Don’t turn things in with spelling errors. 

Know that your client is not here to be “remedial.”

When you take on a new project, look at the files immediately.

It’s better to turn in something a day late than something that is not high quality.

Know that just because it is a “first draft,” it still should be in great shape. 

Most clients should be coming back to you for repeat business. If not, find out why not. It’s usually the quality of your work. Client is not obligated to tell you. 

Check out the 6-Week Course, everything you need to know to start your freelance medical writing business, at 6weekcourse.com, where you can access free content on medical writing. 

Also go to learnamastyle.com if you're interested in medical editing. The course is currently available and the next group will start May 29th, 2021.

May 6, 2021

In this episode, Dr. Sharon Morjig and I discuss the power of volunteering as a way not only to do some good in the world but to add impact to getting started in medical writing and jump starting a career in medical writing. Visit Sharon’s website at smmedicalwriting.com.  I also mention the following websites that may help you get started with volunteer medical writing:
http://medangel.org/
https://www.catchafire.org/
https://taprootfoundation.org/
https://www.volunteermatch.org/

Check out the 6-Week Course, everything you need to know to start your freelance medical writing business, at 6weekcourse.com, where you can access free content on medical writing

Also go to learnamastyle.com if you're interested in medical editing. The next group will start May 29th, 2021.

Apr 29, 2021

Dr. Kalpana Shankar sought flexibility in her schedule to raise her children, and after researching her options and considering her innate talents, she turned to freelance medical writing to achieve that. We talk about the types of work she does and how she has found some clients by revamping her LinkedIn profile. For more information and to hire Dr. Shankar please visit her website at 3cmedicalwriting.com.  

Check out the 6-Week Course, everything you need to know to start your freelance medical writing business, at 6weekcourse.com, where you can access free content on medical writing. 

Also go to learnamastyle.com if you're interested in medical editing. The course is currently available and the next group will start May 29th, 2021.

Apr 22, 2021

In my conversation with Dr. Cheryl McCutchan, we talk about her pathway from her PhD studies in botany and biochemistry, to becoming a scientific illustrator for academia and education, to now delving into a career in medical writing (which also includes the use of her visual medical communications skills).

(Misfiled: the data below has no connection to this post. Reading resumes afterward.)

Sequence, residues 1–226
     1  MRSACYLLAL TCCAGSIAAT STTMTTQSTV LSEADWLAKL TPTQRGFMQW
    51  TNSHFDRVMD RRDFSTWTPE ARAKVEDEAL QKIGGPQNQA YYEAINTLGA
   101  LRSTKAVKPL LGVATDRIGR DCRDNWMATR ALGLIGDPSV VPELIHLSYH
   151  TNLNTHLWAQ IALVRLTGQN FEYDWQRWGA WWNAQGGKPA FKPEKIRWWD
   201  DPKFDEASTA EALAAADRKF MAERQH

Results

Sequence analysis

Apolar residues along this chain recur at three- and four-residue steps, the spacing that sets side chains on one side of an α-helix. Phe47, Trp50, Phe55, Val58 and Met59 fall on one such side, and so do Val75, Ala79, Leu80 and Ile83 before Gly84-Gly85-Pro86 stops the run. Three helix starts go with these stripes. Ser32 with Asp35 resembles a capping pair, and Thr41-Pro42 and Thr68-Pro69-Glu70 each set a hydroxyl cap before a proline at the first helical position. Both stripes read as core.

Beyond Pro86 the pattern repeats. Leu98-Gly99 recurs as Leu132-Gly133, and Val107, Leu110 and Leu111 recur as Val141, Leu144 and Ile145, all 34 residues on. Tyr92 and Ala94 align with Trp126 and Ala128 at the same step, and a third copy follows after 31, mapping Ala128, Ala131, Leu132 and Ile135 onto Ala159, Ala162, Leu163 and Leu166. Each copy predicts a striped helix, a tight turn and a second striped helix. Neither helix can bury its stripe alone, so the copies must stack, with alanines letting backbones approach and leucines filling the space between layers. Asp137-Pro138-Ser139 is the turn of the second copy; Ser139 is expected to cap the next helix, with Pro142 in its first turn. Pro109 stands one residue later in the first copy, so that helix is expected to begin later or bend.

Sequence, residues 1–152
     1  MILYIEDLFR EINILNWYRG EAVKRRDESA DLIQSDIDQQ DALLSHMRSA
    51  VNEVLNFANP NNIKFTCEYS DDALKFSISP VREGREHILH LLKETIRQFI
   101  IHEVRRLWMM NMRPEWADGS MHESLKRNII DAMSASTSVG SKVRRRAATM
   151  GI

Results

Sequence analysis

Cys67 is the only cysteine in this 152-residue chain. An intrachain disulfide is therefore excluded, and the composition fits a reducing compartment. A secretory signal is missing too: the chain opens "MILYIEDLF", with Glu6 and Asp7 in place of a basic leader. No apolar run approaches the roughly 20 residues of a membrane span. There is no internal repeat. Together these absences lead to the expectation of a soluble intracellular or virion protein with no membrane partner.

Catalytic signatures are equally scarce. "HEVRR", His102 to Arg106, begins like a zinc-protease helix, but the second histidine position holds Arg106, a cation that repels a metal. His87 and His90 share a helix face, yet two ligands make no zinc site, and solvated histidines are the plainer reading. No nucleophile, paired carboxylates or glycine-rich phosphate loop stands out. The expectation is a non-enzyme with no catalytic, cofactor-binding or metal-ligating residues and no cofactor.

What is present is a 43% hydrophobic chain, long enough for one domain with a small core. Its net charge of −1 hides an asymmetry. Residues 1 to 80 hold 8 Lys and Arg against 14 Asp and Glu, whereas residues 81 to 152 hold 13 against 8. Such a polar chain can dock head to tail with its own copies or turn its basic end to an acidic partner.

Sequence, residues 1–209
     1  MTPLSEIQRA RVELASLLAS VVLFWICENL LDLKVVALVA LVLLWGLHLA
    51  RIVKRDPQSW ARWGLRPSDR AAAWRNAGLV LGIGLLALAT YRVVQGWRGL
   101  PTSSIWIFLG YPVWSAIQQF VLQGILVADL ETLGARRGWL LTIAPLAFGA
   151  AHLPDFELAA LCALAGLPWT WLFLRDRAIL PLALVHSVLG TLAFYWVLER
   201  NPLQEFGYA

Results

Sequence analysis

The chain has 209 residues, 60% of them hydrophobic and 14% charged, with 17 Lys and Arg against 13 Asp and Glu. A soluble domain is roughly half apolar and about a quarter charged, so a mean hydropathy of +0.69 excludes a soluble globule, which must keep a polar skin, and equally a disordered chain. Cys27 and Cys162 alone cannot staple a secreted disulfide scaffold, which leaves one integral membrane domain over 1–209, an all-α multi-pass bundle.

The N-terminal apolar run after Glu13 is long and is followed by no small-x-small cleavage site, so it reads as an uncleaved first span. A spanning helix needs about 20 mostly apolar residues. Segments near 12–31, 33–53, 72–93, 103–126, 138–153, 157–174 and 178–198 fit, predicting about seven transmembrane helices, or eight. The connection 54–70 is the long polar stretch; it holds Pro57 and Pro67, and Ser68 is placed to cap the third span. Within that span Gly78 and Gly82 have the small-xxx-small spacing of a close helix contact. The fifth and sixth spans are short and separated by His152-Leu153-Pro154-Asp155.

Check out the 6-Week Course, everything you need to know to start your freelance medical writing business, at 6weekcourse.com, where you can access free content on medical writing
 
Also go to learnamastyle.com if you're interested in medical editing. The course is currently available and the next group will start May 29th, 2021.

Apr 15, 2021

In this week’s podcast episode, I chat with Dr. Sheila Patterson, who has a PhD in molecular biology. After entering into the field of medical writing, she discovered that she prefers factchecking to medical writing (although she still does some of the latter). We talked about what types of skills factcheckers need. These include the ability to understand the content being reviewed, editing skills, as well as the possession of a certain level of empathy when inserting her comments. We talk about the pay rate, how to get work, and how to price projects. We also talk about the monstrous 49” curved monitor she uses.

https://www.amazon.com/Samsung-C49J890DKN-49-3840x1080-32/dp/B07CS4KF7J

Sheila Patterson’s LinkedIn https://www.linkedin.com/in/sheila-patterson-phd-b1a6629a/

Check out the 6-Week Course, everything you need to know to start your freelance medical writing business, at 6weekcourse.com. The new version is launching soon, so sign up now to get a discounted rate. You'll get immediate access to the current course at a lower price than the new version. 

Also go to learnamastyle.com if you're interested in medical editing and visualmedcomms.com if you would like to sign up to my upcoming medical visual communications courses.

Apr 8, 2021

In this week’s podcast episode, I have the pleasure of speaking with Crystal Austin, who has a PhD in Microbiology but is also transitioning into medical writing. When she heard about medical writing from a coworker in her lab, at first she thought it was too good to be true that you could do something working from home with a science degree. Then, during a post-doc she discovered she enjoyed grant writing and got some funding with her efforts also. Although she is finishing up her current post-doc, Crystal is also doing subcontracting work for Nascent and other clients and plans to go full time as a medical writer in the future.